Posted by Brevard County Sheriff's Office, Florida (Official) on Thursday, November 12, 2020

The Brevard County Sheriff’s Office has also posted an edited video that includes narration from Sheriff Wayne Ivey. That video is embedded above.

Two hours after the surveillance tapes were made available, Dana Jackson, who was Edwards' friend and neighbor, spoke on behalf of the family. Like Edwards, she was a combat medic and explained how that role in particular can lead to PTSD, combat stress, compassion fatigue and burnout.

“Now, combat medic doesn’t have the macho undertone of sniper or special ops. But make no mistake, it is one of the toughest jobs a soldier can have. Medics on the battlefield must render aid to those injured and in doing so, they expose themselves to attack. In movies you hear the term ‘head on a swivel,' a medic can’t do that when he or she is trying to render aid. Their entire focus is on their patient,” Jackson said.

She described Edwards as a loving husband and father who should have received help under the Baker Act instead of being taken into custody. She also said a crisis intervention team trained in matters related to mental health should have been called.

Gregory Edwards as seen in a picture displayed during a news conference on Nov. 13, 2020. (Courtesy)

“Greg suffers from PTSD and on the day he died, he needed help -- the same he helped he rendered when he was a combat medic. He needed someone to stop looking around for threats and to see him,” Jackson said.

While Jackson had not yet watched the footage, Randy Foster was also at the press conference and said he had reviewed the video. Foster, a retired U.S. Air Force veteran and retired supervisory deputy U.S. Marshal, was recently elected to the Palm Bay City Council but said he was at the event in his own personal capacity.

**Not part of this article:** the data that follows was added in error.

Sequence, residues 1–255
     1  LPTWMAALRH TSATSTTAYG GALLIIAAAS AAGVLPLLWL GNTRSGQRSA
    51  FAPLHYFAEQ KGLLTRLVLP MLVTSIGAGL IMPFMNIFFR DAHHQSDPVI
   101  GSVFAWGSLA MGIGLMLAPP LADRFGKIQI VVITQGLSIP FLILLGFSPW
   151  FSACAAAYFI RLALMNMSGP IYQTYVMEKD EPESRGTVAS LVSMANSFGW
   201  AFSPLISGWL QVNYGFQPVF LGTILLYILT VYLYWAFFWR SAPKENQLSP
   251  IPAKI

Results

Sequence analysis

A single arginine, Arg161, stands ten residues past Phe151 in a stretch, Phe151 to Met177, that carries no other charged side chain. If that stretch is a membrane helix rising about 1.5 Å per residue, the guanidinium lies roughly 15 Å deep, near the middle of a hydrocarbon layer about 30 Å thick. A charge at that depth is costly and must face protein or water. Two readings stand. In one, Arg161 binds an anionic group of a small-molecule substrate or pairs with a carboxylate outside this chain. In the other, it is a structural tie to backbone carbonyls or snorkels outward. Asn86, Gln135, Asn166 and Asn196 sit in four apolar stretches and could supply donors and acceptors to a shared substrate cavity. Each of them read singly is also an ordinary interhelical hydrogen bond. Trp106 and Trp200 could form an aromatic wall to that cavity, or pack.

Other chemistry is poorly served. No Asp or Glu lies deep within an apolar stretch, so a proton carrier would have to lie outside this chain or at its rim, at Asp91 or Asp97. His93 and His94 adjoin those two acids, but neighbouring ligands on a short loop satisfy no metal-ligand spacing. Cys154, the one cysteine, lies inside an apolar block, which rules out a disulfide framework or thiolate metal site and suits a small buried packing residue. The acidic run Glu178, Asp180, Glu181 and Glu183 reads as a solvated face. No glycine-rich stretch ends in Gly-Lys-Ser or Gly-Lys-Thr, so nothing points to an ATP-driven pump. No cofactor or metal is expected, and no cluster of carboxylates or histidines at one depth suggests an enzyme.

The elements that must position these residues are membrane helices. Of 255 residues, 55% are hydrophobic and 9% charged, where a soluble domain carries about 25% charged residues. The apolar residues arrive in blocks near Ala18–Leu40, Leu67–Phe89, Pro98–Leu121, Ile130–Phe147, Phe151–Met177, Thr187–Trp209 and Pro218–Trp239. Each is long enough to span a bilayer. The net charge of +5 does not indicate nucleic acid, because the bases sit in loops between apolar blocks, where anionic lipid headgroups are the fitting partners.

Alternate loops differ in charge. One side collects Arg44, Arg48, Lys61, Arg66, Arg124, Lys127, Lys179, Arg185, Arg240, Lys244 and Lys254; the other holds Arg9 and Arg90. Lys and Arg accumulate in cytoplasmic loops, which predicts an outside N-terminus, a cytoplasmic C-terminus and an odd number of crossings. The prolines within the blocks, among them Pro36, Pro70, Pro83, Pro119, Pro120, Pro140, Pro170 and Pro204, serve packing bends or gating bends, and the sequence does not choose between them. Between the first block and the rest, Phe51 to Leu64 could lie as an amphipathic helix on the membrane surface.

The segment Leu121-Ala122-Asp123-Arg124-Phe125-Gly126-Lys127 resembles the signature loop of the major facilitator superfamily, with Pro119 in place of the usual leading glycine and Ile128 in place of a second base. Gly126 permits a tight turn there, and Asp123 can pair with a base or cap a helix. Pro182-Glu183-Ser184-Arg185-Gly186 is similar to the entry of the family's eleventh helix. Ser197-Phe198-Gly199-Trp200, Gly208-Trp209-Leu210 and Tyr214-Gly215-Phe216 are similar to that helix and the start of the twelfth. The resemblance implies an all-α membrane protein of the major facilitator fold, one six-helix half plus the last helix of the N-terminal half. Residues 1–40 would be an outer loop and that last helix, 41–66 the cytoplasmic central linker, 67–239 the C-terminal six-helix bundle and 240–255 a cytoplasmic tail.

He said the deputies used excessive force and he’d like to see the U.S. Justice Department review the case.

“Having multiple offices trying to restrain someone is proper, but to tase someone when you have -- what, six people, seven people? Each of them has got two hands. That’s 14 hands on one person that only has two hands. So to tase someone and to give violent knee strikes while you have six people pinning him down, that’s excessive,” Foster said.

In July 2019, the state attorney’s office determined that the deputies involved in the confrontation acted within reason.

A medical examiner wrote in an autopsy report that Edwards was pepper-sprayed, shocked with a stun gun and handcuffed, then put in a restraint chair and a spit hood. He was later found unresponsive in a holding cell and died at a local hospital the next day, records show.

Deputies work to secure Gregory Edwards.

His death was ruled accidental as a result of excited delirium.

The public in recent months has demanded answers as to what exactly happened to Edwards in the final hours before his death, prompting Florida Today to file legal action against the department to release the video.

Ivey initially denied making the footage public, citing security concerns for deputies and inmates. The video released Friday as a result of a settlement in the lawsuit has been redacted in accordance with those security concerns.

WARNING: The raw video below contains graphic content. Viewer discretion is advised.

Nearly two years after his death in custody, the public is getting a look at what happened to Gregory Edwards after he was taken to the Brevard County Jail Complex.